Here, we reconstruct mid- to late-Holocene RSL changes on a century time scale based on high-precision GPS positioning and U/Th dating of coral microatolls from five islands in a single region. French Polynesia is an ideal region for palaeo sea-level studies due to its location in the far field, where accurate information regarding the melting history of ice sheets can be extracted from sea-level archives, and to its tectonic stability over the studied time window. We document a sea-level highstand of less than a metre between 3.9 and 3.6 kyr BP, thus giving a glacio-eustatic contribution of 1.5–2.5 m since 5.5 kyr BP, most likely sourced from the Antarctic ice sheet. We also demonstrate the occurrence of isolated and relatively rapid decimetre-scale RSL changes as well as periods of significant sea-level stability lasting up to ~300 years over the last 6000 years.

Results

Mid- to late-Holocene sea-level record in French Polynesia

Mid- to late-Holocene reef sequences have been studied on 12 islands from four archipelagos in French Polynesia (Fig. 1 and Supplementary Table 1), which cover a wide range of latitudes and longitudes (S14°20′ to S23°54′, W152°18′ to W134°50′).

Fig. 1
Fig. 1

Map of French Polynesia. Modern and Holocene reef systems have been studied on 12 islands from four archipelagos (Tuamotu, Society, Gambier and Austral islands) in French Polynesia

These islands represent ideal settings for accurate palaeo sea-level studies based on geographic, tectonic and oceanographic parameters. They are far-field sites and therefore have the potential to provide accurate information regarding the melting history of ice sheets. The age of the Society Islands decreases from the NW to the SE, as a consequence of the Pacific plate motion over a fixed hot spot22. These islands experienced, accordingly, a slow and regular subsidence during the late Pleistocene and the Holocene, especially due to the cooling and the concomittant sinking of aging lithosphere.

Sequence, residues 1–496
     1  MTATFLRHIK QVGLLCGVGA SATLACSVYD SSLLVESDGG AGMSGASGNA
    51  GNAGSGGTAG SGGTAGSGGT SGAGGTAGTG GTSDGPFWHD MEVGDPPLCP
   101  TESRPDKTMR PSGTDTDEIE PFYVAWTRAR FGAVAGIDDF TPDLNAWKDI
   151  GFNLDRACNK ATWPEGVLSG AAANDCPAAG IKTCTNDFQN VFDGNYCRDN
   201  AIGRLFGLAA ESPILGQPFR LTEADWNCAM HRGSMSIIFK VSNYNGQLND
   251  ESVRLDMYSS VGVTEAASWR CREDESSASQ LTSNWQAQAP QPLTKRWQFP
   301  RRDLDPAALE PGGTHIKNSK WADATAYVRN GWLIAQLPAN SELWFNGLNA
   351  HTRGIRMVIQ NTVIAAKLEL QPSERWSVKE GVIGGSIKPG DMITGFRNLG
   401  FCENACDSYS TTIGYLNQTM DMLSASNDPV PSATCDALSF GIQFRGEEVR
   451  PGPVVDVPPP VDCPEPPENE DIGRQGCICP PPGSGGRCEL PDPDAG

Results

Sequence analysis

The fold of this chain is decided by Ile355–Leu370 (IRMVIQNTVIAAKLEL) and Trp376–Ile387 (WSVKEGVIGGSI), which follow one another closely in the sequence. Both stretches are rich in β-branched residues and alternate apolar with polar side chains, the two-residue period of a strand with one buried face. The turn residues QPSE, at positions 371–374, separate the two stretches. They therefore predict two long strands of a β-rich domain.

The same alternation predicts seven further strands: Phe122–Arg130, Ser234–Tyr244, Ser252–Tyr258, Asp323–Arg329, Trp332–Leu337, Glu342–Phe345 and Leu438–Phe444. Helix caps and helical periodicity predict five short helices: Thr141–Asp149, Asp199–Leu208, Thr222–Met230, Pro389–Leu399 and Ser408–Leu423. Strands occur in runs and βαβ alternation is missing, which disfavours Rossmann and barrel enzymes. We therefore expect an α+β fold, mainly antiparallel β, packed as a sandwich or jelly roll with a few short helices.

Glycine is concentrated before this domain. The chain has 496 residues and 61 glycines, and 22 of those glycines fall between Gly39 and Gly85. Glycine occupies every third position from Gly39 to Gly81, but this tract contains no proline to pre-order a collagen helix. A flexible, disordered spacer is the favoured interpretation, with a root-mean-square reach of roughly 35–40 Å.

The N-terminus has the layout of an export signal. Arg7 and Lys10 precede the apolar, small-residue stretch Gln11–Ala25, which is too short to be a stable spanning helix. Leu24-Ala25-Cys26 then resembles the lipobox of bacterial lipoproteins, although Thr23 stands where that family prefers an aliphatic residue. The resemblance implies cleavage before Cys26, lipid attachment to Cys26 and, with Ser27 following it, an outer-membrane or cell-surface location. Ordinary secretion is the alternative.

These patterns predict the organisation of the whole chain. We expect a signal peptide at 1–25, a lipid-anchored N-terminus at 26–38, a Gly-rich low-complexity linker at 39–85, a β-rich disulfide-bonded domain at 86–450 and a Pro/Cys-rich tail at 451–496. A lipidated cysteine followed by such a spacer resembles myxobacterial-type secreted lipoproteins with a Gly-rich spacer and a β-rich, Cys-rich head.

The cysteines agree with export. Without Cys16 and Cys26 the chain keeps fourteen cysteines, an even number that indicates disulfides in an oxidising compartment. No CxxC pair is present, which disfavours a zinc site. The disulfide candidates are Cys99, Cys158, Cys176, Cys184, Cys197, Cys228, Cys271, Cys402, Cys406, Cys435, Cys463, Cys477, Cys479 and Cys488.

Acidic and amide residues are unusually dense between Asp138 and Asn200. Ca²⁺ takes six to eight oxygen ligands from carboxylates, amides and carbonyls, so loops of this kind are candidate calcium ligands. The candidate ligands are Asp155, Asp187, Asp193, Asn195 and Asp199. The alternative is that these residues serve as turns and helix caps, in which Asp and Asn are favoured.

As consistently assessed by several approaches, subsidence rates range from 0.05 mm per year in the northwestern part of the Society Islands23 to 0.15 ± 0.15 mm per year in Tahiti, where five independent geophysical measurements were used24. Tectonic corrections that have been applied to the relevant studied islands do not exceed 25 cm and are not more than 15 cm for the time window encompassing the mid- to late-Holocene sea-level highstand. The studied Tuamotu Islands, Tikehau and Rangiroa, formed between 47 and 55 Ma as evidenced by palaeontologic and radiometric age data25,26. These two atolls are considered as tectonically stable since at least the late Quaternary based on the elevation of the Last Interglacial reef terrace (+6 m27), which is in agreement with estimates of global mean sea level during this period28. Even though departures from global mean sea level at this location during the Last Interglacial could have been several metres29; the inferred mean tectonic rate remains relatively small (order 10−2 mm per year). This demonstrates that the uplift due to the deflection of the crust under the Tahiti volcanic load27 ceased before the formation of this terrace.

All studied islands are characterised by a low tidal amplitude ranging from less than 0.15 m in the Society Islands up to 0.5 m in the Gambier Islands, with most values lying between 0.2 and 0.3 m (Supplementary Fig. 1). Such a low tidal amplitude allows a greater accuracy and precision in reconstructing sea level by, for example, lowering the potential effects of ponding at low tide that can introduce a significant bias.

The mid- to late-Holocene reef sequence is up to 2 m thick and consists of distinctive terraces comprised of in situ coral microatolls, which locally coalesce to form compact fields. The microatoll terraces are unevenly covered by thick accumulations of conglomerates composed of reworked coral colonies, and corresponding to storm deposits (Fig. 2).

Fig. 2
Fig. 2

Photogrammetry for a study site in Maupiti. 3D reconstruction with a photographic texture and b coloured texture indicating heights. The numbers indicated in the figure correspond to elevations in metres. Microatolls are located on the Holocene platform and partly covered by conglomerates. One of these microatolls was slabbed for palaeoclimate analysis. Circles indicate position of the samples MAU-97–102. The scale changes due to the perspective view. Agisoft Photoscan Professional version 1.2 was used to produce the 3D model

Mid- to late-Holocene sea-level curve

Our sea-level reconstruction is based on U/Th dating of in situ coral microatolls and their precise GPS positioning (see 'Methods' section; Supplementary Tables 1 and 2).